YARN stands for Yet Another Resource Negotiator. YARN is a generic resource platform to manage resources in a typical cluster. YARN was introduced with Hadoop 2.0, which is an open source distributed processing framework from the Apache Software Foundation.
In 2012, YARN became one of the subprojects of the larger Apache Hadoop project. YARN is also coined by the name of MapReduce 2.0. This is since Apache Hadoop MapReduce has been re-architectured from the ground up to Apache Hadoop YARN.
Think of YARN as a generic computing fabric to support MapReduce and other application paradigms within the same Hadoop cluster; earlier, this was limited to batch processing using MapReduce. This really changed the game to recast Apache Hadoop as a much more powerful data processing system. With the advent of YARN, Hadoop now looks very different compared to the way it was only a year ago.
YARN enables multiple applications to run simultaneously on the same shared cluster and allows applications to negotiate resources based on need. Therefore, resource allocation/management is central to YARN.
YARN has been thoroughly tested at Yahoo! since September 2012. It has been in production across 30,000 nodes and 325 PB of data since January 2013.
The concepts of MapReduce and its programming paradigm were so deeply ingrained in Hadoop that one could not use it for anything else except MapReduce. MapReduce therefore became the base for Hadoop, and as a result, the only thing that could be run on Hadoop was a MapReduce job, batch processing. In Hadoop 1.x, there was a single JobTracker service that was overloaded with many things such as cluster resource management, scheduling jobs, managing computational resources, restarting failed tasks, monitoring TaskTrackers, and so on.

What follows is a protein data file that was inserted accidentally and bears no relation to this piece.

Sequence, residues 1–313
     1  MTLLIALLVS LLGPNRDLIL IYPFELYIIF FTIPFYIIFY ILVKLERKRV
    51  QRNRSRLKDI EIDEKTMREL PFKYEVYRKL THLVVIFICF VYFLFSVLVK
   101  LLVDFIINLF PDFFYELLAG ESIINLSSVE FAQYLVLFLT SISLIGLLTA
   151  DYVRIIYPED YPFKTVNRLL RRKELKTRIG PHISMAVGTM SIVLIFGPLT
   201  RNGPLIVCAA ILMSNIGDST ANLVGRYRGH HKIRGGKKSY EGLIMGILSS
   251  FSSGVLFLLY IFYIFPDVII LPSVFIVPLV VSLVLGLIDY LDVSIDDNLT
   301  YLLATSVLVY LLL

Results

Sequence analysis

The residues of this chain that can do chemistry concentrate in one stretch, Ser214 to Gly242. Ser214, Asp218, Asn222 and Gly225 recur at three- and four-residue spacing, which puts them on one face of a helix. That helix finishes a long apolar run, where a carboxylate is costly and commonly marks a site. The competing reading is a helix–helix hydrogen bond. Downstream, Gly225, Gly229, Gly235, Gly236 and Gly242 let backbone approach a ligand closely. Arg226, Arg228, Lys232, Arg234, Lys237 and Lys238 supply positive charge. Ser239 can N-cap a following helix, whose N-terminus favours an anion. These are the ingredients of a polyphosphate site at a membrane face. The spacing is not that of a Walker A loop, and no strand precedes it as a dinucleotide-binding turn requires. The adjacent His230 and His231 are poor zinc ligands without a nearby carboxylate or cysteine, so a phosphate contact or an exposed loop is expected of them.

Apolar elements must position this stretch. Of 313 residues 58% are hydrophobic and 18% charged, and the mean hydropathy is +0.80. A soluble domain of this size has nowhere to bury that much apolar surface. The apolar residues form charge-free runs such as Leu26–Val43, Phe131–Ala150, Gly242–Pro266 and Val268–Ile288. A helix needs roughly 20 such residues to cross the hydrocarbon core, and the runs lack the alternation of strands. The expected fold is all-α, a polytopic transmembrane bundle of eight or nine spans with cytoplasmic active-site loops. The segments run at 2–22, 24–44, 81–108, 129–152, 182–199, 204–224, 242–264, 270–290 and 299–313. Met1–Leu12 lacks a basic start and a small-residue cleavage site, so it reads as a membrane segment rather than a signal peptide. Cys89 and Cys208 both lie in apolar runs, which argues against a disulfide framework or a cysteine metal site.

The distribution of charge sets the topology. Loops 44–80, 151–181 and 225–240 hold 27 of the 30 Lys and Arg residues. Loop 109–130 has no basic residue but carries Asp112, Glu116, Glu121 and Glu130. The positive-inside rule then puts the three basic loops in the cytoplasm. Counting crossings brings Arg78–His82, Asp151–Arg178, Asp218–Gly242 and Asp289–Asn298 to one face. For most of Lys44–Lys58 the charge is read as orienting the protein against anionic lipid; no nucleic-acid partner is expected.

Large Hadoop clusters reported some serious limitations on scalability. This is caused mainly by a single JobTracker service, which ultimately results in a serious deterioration of the overall cluster performance because of attempts to re-replicate data and overload live nodes, thus causing a network flood.
According to Yahoo!, the practical limits of such a design are reached with a cluster of ~5,000 nodes and 40,000 tasks running concurrently. Therefore, it is recommended that you create smaller and less powerful clusters for such a design.
Low cluster resource utilization:
The resources in Hadoop 1.x on each slave node (data node), are divided in terms of a fixed number of map and reduce slots.
Consider the scenario where a MapReduce job has already taken up all the available map slots and now wants more new map tasks to run. In this case, it cannot run new map tasks, even though all the reduce slots are still empty. This notion of a fixed number of slots has a serious drawback and results in poor cluster utilization.
Lack of support for alternative frameworks/paradigms:
The main focus of Hadoop right from the beginning was to perform computation on large datasets using parallel processing.
Therefore, the only programming model it supported was MapReduce.
With the current industry needs in terms of new use cases in the world of big data, many new and alternative programming models (such Apache Giraph, Apache Spark, Storm, Tez, and so on) are coming into the picture each day. There is definitely an increasing demand to support multiple programming paradigms besides MapReduce, to support the varied use cases that the big data world is facing.
MapReduce is essentially batch-oriented, but support for real-time and near real-time processing are the emerging requirements in the field of big data.
YARN took cluster resource management capabilities from the MapReduce system so that new engines could use these generic cluster resource management capabilities. This lightened up the MapReduce system to focus on the data processing part, which it is good at and will ideally continue to be so.